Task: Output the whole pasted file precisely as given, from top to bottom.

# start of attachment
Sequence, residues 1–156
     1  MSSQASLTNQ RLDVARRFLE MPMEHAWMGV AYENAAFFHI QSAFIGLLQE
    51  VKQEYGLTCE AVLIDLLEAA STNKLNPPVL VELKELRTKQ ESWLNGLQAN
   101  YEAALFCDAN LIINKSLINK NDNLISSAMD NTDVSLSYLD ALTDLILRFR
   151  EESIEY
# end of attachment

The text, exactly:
Sequence, residues 1–156
     1  MSSQASLTNQ RLDVARRFLE MPMEHAWMGV AYENAAFFHI QSAFIGLLQE
    51  VKQEYGLTCE AVLIDLLEAA STNKLNPPVL VELKELRTKQ ESWLNGLQAN
   101  YEAALFCDAN LIINKSLINK NDNLISSAMD NTDVSLSYLD ALTDLILRFR
   151  EESIEY